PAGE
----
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My data is binary with two linear independent variables. For both predictors, as they get bigger, there are more positive responses. I have plotted the data in a heatplot showing density of positive responses along the two variables. There are the most positive responses in the top right corner and negative responses in the bottom left, with a gradient change visible along both axes.

I would like to plot a line on the heatplot showing where a logistic regression model predicts that positive and negative responses are equally likely. (My model is of the form response~predictor1*predictor2+(1|participant).)

My question: How can I figure out the line based on this model at which the positive response rate is 0.5?

I tried using predict(), but that works the opposite way; I have to give it values for the factor rather than giving the response rate I want. I also tried using a function that I used before when I had only one predictor (function(x) ((log(x/(1-x)))-fixef(fit)[1])/fixef(fit)[2]), but I can only get single values out of that, not a line, and I can only get values for one predictor at a time.

I am using R.

Edit: I have added a contour plot over the heat plot (using geom_contour in ggplot2), which produces this:

Each cell represents the frequency of positive responses for a single stimulus.  I added the numbers for clarity.

I'd like to have a line that actually predicts the cutoff point in a fine-grained way; right now for the independent variables I have stimuli at points 40, 45, 50, etc. but I would like to see a line that predicts, e.g., that when x=32 and y=36 that's the threshold for 50% positive responses. It could be a curve or it could even be a straight line (whose slope might help visualise the relative contributions of the two factors), but I'm not looking for a pure description of the cells which are >50 vs <50, which is what I think this is doing, I'm looking for a way to plot the regression's predictions.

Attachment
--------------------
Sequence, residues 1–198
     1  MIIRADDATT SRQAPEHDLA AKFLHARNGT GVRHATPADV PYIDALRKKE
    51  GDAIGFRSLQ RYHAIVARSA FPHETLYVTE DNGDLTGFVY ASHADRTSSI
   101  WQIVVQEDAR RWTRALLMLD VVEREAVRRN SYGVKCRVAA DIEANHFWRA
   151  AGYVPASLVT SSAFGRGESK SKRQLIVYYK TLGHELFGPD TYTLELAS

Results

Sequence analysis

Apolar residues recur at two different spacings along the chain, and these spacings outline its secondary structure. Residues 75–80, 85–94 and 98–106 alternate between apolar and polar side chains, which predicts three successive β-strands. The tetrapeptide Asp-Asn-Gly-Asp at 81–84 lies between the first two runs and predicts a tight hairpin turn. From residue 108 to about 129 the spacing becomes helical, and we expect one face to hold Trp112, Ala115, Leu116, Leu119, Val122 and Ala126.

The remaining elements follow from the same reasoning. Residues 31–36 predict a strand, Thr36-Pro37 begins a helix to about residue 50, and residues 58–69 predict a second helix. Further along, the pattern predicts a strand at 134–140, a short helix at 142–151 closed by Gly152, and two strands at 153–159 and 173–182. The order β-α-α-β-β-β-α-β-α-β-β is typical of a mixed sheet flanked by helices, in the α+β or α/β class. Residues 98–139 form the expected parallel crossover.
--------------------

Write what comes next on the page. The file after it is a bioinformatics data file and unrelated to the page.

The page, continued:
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    $\begingroup$ Just to clarify, you are using glm(), and you are interacting the two predictors on purpose? $\endgroup$ – robin.datadrivers Feb 19 '15 at 21:41
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    $\begingroup$ Although discussed in terms of R, I think this Q isn't about programming. $\endgroup$ – gung Feb 19 '15 at 21:59
  • $\begingroup$ Are you asking about a contour plot? $\endgroup$ – Glen_b Feb 19 '15 at 22:17
  • $\begingroup$ @robin.datadrivers I am using glmer() and I am interacting them on purpose although the effect of the interaction is marginal I think it makes sense to expect possible interaction here. $\endgroup$ – emily Feb 20 '15 at 2:48
  • $\begingroup$ @gung Sorry, does this mean I should post it elsewhere or something? $\endgroup$ – emily Feb 20 '15 at 2:49

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